The purposes of a person's heart are deep waters, but a person with understanding will draw them out.”
– Proverbs 20:5
I don’t know about you, but there have been a few times my slightly-introverted husband would rather have his teeth pulled without Novocain than sit for hours engaging in small talk with strangers. Now don’t get me wrong, most people would never know this about him because he is such a natural conversationalist. He’s the king of chitchat, always ready with an entertaining story to tell. He’s always the one person at the table of eight who can draw the entire group into an interesting conversation, never leaving anyone out. He truly does enjoy it, but sometimes it seems to exhaust him.
Not long ago we were invited to a dinner party with several people we didn’t know. While I was excited to go, he was hesitant – yet willing – to attend because it was for a good friend. However, by the end of the evening, we were delighted to find that we both left that party not only feeling like we really got to know the other guests but that we were also known by them.
How often does THAT happen?
I give all the credit to our creative host who realized his guests were coming from different parts of his life and didn't necessarily have points of connection with each other. So, included in the dinner party invitation was an assigned question he asked each of us to be prepared to answer at the party.
The theme of the questions was, “What inspires you lately?” And what really made this activity so effective and enjoyable was that the host had taken the time to tailor the questions to be meaningful to the person who answered it.
For example, the artist’s question was, “something you’ve seen that inspires you lately.” For the journalist, it was, ”something from the newspaper that inspires you lately.” For the counselor, it was, “a conversation that inspires you lately,” and so on. Each person took their turn sharing what inspired them recently and why.
I honestly can’t remember the last time we enjoyed a party as much as we did that one. Our conversations with complete strangers that night truly were insightful and noteworthy. A few tears were shed, as well as a lot of laughter shared, too. It worked because it offered us an opportunity to peek behind the curtain of shallow small talk and really connect with each other on a meaningful level. Everyone left the dinner party that evening raving about what a wonderful time they had.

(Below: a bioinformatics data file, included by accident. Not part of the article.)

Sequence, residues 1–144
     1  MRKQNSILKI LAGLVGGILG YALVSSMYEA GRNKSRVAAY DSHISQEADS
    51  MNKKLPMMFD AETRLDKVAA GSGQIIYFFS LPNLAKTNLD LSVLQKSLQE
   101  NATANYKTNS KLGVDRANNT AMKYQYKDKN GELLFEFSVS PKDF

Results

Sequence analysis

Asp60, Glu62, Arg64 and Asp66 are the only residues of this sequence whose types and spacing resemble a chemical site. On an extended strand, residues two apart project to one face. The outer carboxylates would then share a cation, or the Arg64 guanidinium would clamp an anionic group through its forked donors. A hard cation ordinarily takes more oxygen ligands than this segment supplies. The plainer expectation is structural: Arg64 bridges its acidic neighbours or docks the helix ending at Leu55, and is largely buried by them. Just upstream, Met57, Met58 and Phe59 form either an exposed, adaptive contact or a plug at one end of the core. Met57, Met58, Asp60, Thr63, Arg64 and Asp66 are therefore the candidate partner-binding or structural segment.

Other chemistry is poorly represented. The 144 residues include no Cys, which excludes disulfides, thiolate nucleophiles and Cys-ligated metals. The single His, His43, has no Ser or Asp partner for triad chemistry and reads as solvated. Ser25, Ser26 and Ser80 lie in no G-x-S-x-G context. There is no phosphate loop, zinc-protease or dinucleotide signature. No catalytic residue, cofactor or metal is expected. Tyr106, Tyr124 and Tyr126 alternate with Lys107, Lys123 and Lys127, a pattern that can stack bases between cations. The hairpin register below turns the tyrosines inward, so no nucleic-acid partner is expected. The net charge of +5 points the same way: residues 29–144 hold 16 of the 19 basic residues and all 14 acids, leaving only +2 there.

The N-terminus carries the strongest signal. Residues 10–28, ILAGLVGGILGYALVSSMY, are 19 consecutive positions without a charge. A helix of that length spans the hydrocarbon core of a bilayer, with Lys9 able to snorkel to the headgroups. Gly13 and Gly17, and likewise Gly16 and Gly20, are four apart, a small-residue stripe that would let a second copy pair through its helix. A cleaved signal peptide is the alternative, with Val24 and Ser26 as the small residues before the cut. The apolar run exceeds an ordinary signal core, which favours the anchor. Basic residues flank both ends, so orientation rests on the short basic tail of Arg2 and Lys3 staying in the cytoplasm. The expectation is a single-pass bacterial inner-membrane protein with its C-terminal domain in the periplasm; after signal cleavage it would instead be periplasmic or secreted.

I also found that the experience stayed with me for a long time. In fact, it was so impactful that my husband and I decided to use the same questions with our own family at our Thanksgiving dinner that year.
Here were the assigned questions we sent out with the invitations:
Here are some additional ideas as well:
The questions are fairly easy to tailor to the age range, unique interests, and diversity of your group. Want to use them again with the same people at another time? Just switch the assigned questions. You can probably even come up with several more of your own (if so, share them with us in the comment section below!).
We were amazed at the new insights we gained into the hearts of each family member that day. In fact, our discussion around the dinner table was so much more rich and significant that we all agreed to make it our new tradition to observe at Thanksgiving. And the piece de resistance? My Christmas gift that year from my kids was a beautiful heart-shaped necklace inscribed with the Scripture reference of the verse that I had shared and prayed over them as a blessing that day:
“I will bless my people and their homes around my holy hill. And in the proper season, I will send the showers they need. There will be showers of blessing… In this way, they will know that I, the Lord their God, am with them. And they will know that they…are my people, says the Sovereign Lord. You are My flock, the sheep of My pasture. You are My people, and I am your God.”
– Ez. 34: 26, 30-31 (NLT)
So if you’re looking for a great way to get beyond the shallow curtain of small talk and idle chitchat at your next holiday gathering, I whole-heartedly recommend you try this conversation starter. Hopefully, you’ll all end up feeling as inspired and thankful as we did!
Before I close, I’d like to offer this additional thought (which my husband suggested I add): While we obviously are great proponents of creating space for deep and meaningful conversation at family get-togethers, there are also times when just being together, hanging out with no particular agenda while you watch the bowl games on TV is equally beneficial. Not everything during the day has to be scripted, deep and profound in order for it to be meaningful. Make sure you balance out the day by allowing unstructured time to laugh, play, relax and just enjoy each other’s company. As someone once said, “A day without laughter is a day wasted.” And you know what? I think he’s right.
Alisa Grace ('92) serves as the co-director of the Biola University Center for Marriage and Relationships where she also co-teaches a class called "Christian Perspectives on Marriage and Relationships." While she speaks and blogs regularly on topics such as dating relationships, marriage, and love, she also loves mentoring younger women and newly married couples, speaking at retreats and providing premarital counseling. Alisa and her husband, Chris, have been married over 30 years and have three wonderful children: Drew and his wife Julia, Natalie and her husband Neil, and their unexpected blessing, Caroline.